I want to say at the outset that, personally, I am heartily in favor of action by the Federal Government at the present time to regulate securities exchanges. I think it not merely desirable, but necessary, and the desirability and necessity of such regulation is emphasized in the so-called “Roper report."
The conditions which have been disclosed in connection with the marketing of, and the trading in, securities illustrate the need for improvements in the interest of protecting the public against unfair practices, and also protecting the general economic health of the country against undue speculation, and those reforms deal with a problem which extends far beyond State lines, transcends State boundaries, is national in scope, and, in my opinion, and in the opinion of the committee, can only be dealt with by Federal action.
I have no difficulty in my own mind about the constitutionality of Federal regulation through the medium of the postal power and the power to regulate interstate commerce, in general in the manner which is followed in the bill which we have before us, although I would not care to underwrite the constitutionality of each and every detailed provision of that bill.
I have read the bill and I interpret it as having, among its purposes, those which I have mentioned and with which I heartily agree, namely, the protection of the public against unfair practices in the sale of securities and the trading in securities, and the protection of the national economic health against undue and unwholesome speculation.
Principles and purposes may be approached in many different ways and, from a practical standpoint, in any given instance, the application of a principle, or an attempt to achieve a purpose, has to be judged in the form or the complete detailed provisions in which they are embodied in that particular instance.
In such study as I have been able to give to the bill before you, I have therefore sought to get a picture in my own mind of what it does concretely, and I would like to mention a few of the details to you here, as I interpret them:
Section 6 (a) of the bill makes it unlawful for a broker or a dealer who operates on or through a licensed exchange to lend on securities which are not listed on any licensed exchange. At the present time, unlisted securities include State and municipal securities, the stocks and bonds of most banks and insurance companies, and some sound industrial and a great many local securities.
Under section 6 (a) securities will have to be listed on a licensed exchange in order to become eligible as collateral for loans to or by brokers.
No doubt this provision was inserted to force trading on to the regulated exchanges, but the bill goes on to provide that in order to be listed, a security must be registered with the Federal Trade Commission, and if a company or any other issuer, municipalities, or otherwise, desires to so regulate its securities with the Federal Trade Commission in order that they may have the position and the privilege of listed securities, then, I want to point out some of the consequences to that issuing company, or municipality, which follow from the provisions of the bill.
In section 18 (b), it gives to the Federal Trade Commission as a condition of registration, the power to prescribe and supervise the accounting system of the registrants, including the valuation of property, the determination of operating income, depreciation and the like, and hence, at a good many vital points the determination of factors that affect very closely the financial policy of that issuing company.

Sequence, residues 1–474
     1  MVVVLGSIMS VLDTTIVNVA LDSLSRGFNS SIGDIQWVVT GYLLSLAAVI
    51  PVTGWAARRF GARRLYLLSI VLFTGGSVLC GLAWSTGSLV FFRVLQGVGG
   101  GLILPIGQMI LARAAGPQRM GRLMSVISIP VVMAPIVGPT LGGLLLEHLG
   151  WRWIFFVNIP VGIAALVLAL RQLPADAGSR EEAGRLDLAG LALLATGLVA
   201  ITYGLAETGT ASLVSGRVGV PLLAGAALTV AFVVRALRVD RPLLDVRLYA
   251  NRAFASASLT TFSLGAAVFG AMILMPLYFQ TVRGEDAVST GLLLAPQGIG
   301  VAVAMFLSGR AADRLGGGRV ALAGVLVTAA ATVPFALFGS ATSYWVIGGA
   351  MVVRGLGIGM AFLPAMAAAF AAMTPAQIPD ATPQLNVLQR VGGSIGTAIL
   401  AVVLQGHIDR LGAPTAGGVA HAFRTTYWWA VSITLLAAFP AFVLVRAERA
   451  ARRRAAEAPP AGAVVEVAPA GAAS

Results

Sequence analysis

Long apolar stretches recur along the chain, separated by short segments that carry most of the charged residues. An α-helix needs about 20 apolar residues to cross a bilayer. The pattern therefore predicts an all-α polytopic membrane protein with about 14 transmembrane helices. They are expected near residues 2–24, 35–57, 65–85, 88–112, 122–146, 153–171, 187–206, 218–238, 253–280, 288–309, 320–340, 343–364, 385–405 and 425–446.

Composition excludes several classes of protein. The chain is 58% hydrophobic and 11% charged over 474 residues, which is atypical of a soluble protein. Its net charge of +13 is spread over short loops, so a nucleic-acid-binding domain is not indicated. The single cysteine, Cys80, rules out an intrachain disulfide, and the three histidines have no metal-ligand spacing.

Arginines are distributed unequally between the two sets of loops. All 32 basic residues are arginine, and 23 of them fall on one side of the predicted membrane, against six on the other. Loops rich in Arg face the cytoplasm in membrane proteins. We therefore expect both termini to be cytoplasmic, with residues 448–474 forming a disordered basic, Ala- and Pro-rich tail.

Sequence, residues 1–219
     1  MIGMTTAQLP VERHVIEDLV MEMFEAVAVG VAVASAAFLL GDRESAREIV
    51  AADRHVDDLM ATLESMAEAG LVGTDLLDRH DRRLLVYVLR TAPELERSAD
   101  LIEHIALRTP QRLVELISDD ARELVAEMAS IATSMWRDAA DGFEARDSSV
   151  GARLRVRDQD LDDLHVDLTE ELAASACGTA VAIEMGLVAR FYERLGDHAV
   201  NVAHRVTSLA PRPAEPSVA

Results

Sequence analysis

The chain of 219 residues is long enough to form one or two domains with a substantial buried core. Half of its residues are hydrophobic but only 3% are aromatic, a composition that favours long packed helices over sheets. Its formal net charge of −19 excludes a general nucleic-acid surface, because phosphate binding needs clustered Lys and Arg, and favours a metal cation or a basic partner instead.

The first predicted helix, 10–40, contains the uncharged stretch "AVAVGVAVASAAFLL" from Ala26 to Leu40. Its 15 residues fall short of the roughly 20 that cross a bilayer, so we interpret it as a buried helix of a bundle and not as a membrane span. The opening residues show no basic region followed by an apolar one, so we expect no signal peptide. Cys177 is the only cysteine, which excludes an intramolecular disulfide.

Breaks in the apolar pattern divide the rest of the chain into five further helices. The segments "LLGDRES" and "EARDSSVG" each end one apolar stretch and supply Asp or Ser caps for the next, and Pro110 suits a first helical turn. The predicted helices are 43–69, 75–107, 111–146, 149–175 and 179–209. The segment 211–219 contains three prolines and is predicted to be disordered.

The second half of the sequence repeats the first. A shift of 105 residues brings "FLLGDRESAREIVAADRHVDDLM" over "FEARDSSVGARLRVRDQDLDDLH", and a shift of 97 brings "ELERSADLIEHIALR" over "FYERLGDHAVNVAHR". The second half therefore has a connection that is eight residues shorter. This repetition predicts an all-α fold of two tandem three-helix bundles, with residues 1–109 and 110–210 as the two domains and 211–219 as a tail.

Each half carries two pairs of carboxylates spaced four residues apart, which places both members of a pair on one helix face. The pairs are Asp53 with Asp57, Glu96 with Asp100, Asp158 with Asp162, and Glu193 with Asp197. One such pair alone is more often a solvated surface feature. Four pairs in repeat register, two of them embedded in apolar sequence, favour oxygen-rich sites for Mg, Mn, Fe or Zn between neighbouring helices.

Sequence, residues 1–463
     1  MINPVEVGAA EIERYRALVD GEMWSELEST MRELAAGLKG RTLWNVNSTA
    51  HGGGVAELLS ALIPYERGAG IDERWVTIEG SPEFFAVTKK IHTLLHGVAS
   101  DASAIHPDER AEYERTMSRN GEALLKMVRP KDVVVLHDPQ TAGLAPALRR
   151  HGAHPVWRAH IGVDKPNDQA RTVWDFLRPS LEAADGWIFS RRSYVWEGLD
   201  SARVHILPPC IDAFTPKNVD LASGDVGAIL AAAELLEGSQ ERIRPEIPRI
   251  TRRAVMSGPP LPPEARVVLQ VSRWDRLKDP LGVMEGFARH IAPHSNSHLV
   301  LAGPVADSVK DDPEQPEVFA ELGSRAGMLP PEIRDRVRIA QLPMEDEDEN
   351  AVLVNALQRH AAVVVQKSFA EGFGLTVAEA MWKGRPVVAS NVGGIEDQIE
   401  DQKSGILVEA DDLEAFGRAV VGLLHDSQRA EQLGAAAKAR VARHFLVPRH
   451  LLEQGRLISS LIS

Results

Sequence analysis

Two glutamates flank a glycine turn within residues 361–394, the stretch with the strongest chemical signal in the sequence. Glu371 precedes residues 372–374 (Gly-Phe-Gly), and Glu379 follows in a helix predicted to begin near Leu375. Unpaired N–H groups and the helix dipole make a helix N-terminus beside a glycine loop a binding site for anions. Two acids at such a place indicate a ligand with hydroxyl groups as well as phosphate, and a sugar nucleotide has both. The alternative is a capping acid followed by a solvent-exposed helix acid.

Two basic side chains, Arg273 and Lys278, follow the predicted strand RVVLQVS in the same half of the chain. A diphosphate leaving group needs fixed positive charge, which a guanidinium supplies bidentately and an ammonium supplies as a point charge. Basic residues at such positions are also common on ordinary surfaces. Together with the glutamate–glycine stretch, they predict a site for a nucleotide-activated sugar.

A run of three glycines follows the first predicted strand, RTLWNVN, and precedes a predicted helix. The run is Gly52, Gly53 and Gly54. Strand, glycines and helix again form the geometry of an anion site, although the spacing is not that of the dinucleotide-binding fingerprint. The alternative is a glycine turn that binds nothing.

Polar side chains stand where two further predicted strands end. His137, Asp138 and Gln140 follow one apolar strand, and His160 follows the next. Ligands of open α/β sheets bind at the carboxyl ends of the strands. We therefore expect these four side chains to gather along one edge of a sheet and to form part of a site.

Now, if we read those provisions together, with the earlier provisions of the bill to which I have referred, it follows that in order to list its securities and have them eligible as collateral, the insurance companies and the banks and the municipalities whose securities are not now listed, as well as the public utilities, will become subject to the financial control of the Federal Trade Commission in respect to these accounting practices and the financial questions which depend upon them and the regulations of the Federal Trade Commission are
made by section 26 (a) to supersede all State laws and, accordingly, as I read these provisions, they mean that the regulation and authority of State insurance commissioners and banking commissioners, and public utility commissioners, at least insofar as they affect the accounting and financial practices of the companies, are superseded bt the regulatory power of the Federal Trade Commission.
The only regulatory power in these fields which is not overridden by the powers conferred on the Federal Trade Commission is that of the Interstate Commerce Commission, which is expressly excepted by the proviso of section 18 (b), to the effect that as to carriers subject to the Interstate Commerce Commission, the rules and regulations of the Federal Trade Commission, as to accounting matters, shall not be inconsistent with the requirements imposed by the Interstate Commerce Commission.
As a condition of the registration and listing of the securities of any issuer, the Federal Trade Commission is given power to demand any information which it may deem appropriate in the public interest, and is given power to make such information public.
Let me turn from these general powers over listers given to the Federal Trade Commission and refer to certain provisions of the bill connected with banking and credit. By sections 6 (b) and 6 (c), the Federal Trade Commission is given power to fix the loan value of securities, and these loan values so fixed will apply by section 6 (c) to loans from banks as well as loans by brokers, where the security is carried on credit.